Abortion rights supporters have extended their series of wins at the ballot box over the past two years.
Republican candidates in this week’s elections tried to reframe and moderate their positions on abortion while seeking to paint Democrats as too extreme on the issue.
Instead, the GOP found itself increasingly on the defensive in deep red and purple states alike, including Ohio, Kentucky and Virginia.
The results showed reproductive rights remains an energizing issue for voters more than a year after the U.S. Supreme Court overturned Roe v. Wade. The series of losses have left Republicans frustrated and without a clear idea of how to move forward, as the issue shows no sign of waning heading into 2024.
“You have to … say, look, this isn’t working. We need to figure out not just new messaging, although I think that’s important, but in some cases it’s going to require new positions and messier compromises than we’ve been pushing for,” said Patrick Brown, a fellow at the conservative Ethics and Public Policy Center.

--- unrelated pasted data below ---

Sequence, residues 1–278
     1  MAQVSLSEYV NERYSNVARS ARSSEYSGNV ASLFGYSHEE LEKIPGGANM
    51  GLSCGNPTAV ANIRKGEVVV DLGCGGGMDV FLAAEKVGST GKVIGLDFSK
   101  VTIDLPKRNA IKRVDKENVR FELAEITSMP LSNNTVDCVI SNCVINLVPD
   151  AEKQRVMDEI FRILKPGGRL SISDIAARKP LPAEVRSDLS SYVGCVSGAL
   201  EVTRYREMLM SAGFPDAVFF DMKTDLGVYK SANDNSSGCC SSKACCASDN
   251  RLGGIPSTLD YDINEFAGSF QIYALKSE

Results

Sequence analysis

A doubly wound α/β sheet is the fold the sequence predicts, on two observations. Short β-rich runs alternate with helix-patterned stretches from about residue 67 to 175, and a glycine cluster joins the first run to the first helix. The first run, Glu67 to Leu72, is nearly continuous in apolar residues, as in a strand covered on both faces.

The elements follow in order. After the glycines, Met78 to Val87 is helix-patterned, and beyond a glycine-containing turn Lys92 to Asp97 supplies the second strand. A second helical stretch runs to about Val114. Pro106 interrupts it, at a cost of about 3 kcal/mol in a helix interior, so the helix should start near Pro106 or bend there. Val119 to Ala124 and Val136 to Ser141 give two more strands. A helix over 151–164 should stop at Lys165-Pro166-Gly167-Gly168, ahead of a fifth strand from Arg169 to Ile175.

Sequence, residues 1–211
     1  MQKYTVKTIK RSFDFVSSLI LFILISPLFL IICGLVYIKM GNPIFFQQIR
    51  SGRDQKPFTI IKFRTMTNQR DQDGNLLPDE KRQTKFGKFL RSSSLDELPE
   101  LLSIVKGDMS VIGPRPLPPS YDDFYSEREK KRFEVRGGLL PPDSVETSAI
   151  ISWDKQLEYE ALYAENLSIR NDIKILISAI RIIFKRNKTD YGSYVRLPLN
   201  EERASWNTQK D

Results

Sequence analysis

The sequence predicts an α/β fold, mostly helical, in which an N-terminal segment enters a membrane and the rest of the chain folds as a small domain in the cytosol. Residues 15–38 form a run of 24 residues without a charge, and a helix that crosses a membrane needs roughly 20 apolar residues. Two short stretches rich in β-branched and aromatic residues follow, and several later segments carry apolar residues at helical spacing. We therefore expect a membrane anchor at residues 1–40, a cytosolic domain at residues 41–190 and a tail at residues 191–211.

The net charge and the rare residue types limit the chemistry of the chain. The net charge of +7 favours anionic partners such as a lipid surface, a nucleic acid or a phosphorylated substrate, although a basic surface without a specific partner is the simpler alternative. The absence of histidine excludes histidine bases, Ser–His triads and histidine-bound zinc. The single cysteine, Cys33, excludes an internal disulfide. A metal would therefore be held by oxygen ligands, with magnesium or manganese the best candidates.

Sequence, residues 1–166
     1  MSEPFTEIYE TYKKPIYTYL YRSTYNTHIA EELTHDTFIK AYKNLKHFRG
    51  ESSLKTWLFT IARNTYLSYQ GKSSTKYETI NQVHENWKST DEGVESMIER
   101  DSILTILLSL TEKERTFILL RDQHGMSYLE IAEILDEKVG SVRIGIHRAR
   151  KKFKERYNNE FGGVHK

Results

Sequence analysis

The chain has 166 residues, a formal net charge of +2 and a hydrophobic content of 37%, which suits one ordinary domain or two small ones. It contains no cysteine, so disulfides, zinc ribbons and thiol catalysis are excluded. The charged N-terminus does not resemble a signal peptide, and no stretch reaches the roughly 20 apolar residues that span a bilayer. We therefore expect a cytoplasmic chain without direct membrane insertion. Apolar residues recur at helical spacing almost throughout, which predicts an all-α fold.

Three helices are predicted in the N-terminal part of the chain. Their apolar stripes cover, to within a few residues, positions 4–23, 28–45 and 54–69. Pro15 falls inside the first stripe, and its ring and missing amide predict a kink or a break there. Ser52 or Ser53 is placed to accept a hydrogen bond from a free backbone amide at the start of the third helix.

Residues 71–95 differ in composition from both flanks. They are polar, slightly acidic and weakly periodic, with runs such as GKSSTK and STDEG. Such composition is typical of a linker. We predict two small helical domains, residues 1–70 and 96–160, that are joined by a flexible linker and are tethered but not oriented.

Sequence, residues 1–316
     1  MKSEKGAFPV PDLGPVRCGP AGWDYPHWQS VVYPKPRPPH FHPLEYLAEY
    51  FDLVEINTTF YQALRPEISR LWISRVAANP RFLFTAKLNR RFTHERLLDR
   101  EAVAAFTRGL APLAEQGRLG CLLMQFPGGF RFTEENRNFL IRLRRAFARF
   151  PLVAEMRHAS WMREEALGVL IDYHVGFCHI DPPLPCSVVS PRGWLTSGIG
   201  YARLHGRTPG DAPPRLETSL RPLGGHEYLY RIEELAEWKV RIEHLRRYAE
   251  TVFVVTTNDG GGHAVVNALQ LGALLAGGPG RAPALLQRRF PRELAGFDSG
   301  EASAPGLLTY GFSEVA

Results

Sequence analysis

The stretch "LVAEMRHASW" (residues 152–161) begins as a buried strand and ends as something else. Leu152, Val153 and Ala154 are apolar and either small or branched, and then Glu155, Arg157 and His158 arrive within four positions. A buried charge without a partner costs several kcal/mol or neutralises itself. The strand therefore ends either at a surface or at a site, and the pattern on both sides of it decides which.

Abortion rights supporters’ got their biggest win in Ohio, where a ballot measure guaranteeing access to abortion up until fetal viability passed with 57 percent support. Republicans in the state used all the levers of power at their disposal to try to defeat the measure, but to no avail.
“Ohioans sent a message to the nation last night. Americans support abortion rights and will turn out to vote to protect these rights,” Veronica Ingham, the campaign manager for Ohioans For Reproductive Rights, told reporters on Wednesday.
When the topic of abortion eventually emerged during the third GOP presidential debate Wednesday, none of the candidates broke new ground in their answers, nor did they agree on how best to move ahead.
Florida Gov. Ron DeSantis (R) said Republicans and abortion opponents must “do a better job on” ballot measures and referendums. But he didn’t offer any specific plans on exactly how to “do better.”
Meanwhile, Sen. Tim Scott (R-S.C.) pushed several of his fellow 2024 rivals to back a national 15-week ban, though such a bill was introduced in the Senate last year and never advanced.